Google Chrome is removing the secure indicator from HTTPS sites in September

Image: Google

Google is changing the visual cues for HTTPS in Chrome’s user interface, starting in September. Sites using HTTPS will no longer trigger the green “Secure” text that usually appears in the address bar on Chrome version 69.

Then in October, sites visited with Chrome 70 that don’t have HTTPS certificates will trigger a red “Not secure” label when entering text.

Image: Google

Here’s a quick HTTPS refresher course: it’s a more secure version of HTTP, acting as a secure communication protocol for users and websites, making it harder for eavesdroppers to snoop on your packets. Your data is kept secure from third parties, so most modern sites are employing this technology, using Transport Layer Security (TLS) the underlying tech behind HTTPS, to do this.

Image: Google

So, why the change? Google’s argument is, “users should expect that the web is safe by default.” However, well-presented information allows users to be informed and can be accomplished through minimalism instead of outright removal.

Google’s counterclaim is that HTTPS is becoming cheaper and easier to integrate, which is true. It’s time to get to it, if you haven’t already.


With Let’s Encrypt providing free certificates, there’s no excuse now for serving a website over http

There is an excuse, which is that deployment on existing small sites is very difficult and time consuming, and often not necessary. I have a blog that’s read by quite a few people and makes me a little money, but it’s just a blog – strictly one way communication (text and video served to the reader, no info sent to me by them) except for the comments, which are handled by Disqus.

I have thousands and thousands of pages going back to 2003, a very complex template, and various plugins. There’s no easy way to get all of that stuff updated to https. Some of the plugins I use – including a couple from Google! (notably their related posts script) – are not available themselves over https, so I need to figure out whether I can live without them, or find replacements. Remember, if one element on a page is served through http, like a video or image, Google will mark the whole page as not secure. So I need to manually go through every single page on my blog to make sure everything’s being served through https. On a blog. Where readers aren’t sending me any information.

This is ironically easier for companies to deal with even if they have much larger sites, because they have either developers on staff or third parties that they can pay to automate deployment. But individual people like me, or small businesses (like I also have) that might use their site for advertising and only have a few people on staff total and no budget for web development, are just being unnecessarily burdened. Nobody wants their site to say "NOT SECURE" and nobody wants their content pushed down in the search results just because their blog posts are not encrypted.

That’s a bunch of crap. Lets Encrypt automates setting up SSL for most web servers. Just because you haven’t looked it up on how to do it doesn’t mean it’s hard. I am an individual who has his personal website and I spent a total of 10 minutes setting it up. If you are really annoyed by it so much, I am happy to even help you set it up.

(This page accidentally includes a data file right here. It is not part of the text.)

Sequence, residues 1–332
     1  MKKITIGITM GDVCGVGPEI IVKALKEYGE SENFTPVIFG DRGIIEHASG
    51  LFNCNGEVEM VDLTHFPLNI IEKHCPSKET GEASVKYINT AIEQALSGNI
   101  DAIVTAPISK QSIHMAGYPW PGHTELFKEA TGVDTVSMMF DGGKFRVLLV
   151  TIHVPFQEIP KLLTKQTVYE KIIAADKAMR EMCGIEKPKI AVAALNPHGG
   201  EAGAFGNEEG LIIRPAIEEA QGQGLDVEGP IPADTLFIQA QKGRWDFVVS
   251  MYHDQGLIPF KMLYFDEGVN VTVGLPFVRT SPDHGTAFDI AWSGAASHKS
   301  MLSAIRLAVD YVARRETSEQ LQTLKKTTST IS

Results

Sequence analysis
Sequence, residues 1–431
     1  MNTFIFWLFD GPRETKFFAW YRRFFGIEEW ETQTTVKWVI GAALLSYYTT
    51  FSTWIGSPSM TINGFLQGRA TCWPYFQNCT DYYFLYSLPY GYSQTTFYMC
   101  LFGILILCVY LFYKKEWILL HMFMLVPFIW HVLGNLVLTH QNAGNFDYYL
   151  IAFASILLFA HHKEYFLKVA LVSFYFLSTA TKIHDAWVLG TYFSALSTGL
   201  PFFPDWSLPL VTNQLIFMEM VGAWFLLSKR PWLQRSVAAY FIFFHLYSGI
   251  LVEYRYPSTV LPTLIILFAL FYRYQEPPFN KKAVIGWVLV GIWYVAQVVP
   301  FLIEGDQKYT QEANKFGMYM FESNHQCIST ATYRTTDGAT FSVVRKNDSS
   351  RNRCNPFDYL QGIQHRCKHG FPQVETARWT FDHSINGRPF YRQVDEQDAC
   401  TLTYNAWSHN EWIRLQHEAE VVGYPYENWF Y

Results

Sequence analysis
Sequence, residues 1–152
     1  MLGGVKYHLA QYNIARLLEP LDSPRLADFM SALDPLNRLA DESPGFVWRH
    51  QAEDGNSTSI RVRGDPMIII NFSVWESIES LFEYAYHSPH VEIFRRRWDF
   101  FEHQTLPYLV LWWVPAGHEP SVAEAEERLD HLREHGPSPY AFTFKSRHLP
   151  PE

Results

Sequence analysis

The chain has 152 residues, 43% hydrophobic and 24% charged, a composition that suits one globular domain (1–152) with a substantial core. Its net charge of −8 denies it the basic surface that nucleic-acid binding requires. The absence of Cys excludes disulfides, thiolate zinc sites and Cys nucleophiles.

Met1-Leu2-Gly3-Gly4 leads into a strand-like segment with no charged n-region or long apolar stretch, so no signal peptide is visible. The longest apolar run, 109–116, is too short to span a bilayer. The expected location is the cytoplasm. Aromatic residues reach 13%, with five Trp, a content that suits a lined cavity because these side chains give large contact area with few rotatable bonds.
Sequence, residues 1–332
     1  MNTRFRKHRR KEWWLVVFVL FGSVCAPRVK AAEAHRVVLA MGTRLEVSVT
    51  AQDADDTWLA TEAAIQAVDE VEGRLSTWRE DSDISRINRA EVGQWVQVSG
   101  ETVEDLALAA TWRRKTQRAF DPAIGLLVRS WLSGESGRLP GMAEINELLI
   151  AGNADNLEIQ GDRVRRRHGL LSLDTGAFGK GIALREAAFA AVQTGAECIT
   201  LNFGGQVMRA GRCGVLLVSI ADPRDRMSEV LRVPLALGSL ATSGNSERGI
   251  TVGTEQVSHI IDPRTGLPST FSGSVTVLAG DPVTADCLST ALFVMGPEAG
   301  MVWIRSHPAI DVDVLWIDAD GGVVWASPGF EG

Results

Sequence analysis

You haven’t a clue. I set up let’s encrypt on my site too, it was a breeze. But badasscat1 specifically mentions the mixed content problem. My site uses an external API that fetches the occasional content from a website which did not have HTTPS until very recently. My part of the job was done, but if just a single image from the APIs site was served in HTTP, my site would end up as mixed content. Which in some browsers makes it even scarier for the end user. I bit the bullet and turned on let’s encrypt because I figured eventually, that provider would get their act together. But it wasn’t a trivial decision for a 80K monthly visit site.

So just because you are an individual with a website doesn’t mean you know what you’re talking about.

badasscat1 and greg2k are correct — the SSL certs are free now, which is great, but many ad networks, plugin tool providers, and third-party comment systems still do not properly support HTTPS, or in the very least require non-trivial modification to the site to get it updated. It’s certainly not impossible but in many cases requires and experienced developer to fix any mixed-content issues.

In addition to the 3rd party issues, it is still non-trivial on a few major hosts. Microsoft Azure, for one, really makes you jump through a LOT of hoops to add a Let’s Encrypt certificate. For one of my sites (basically just a resume on a static site), it is annoying to go through the effort. Basic internet users might feel threatened and not want to view the site, despite it having nothing that necessitates HTTPS.

(On another note, many many people have been trained to look for the lock icon. It disappearing will doubtlessly cause confusion—especially as other browsers will still have it.)

I’ve often had to combat these mixed content errors when securing a WordPress site for others as part of my job. I can see how mixed content errors will be especially problematic for individual bloggers with large sites, and anyone else who only uses https. But over time, as Google tries to make a https only internet, every WordPress plugin, and anything else that could create mixed content errors will start defaulting to https.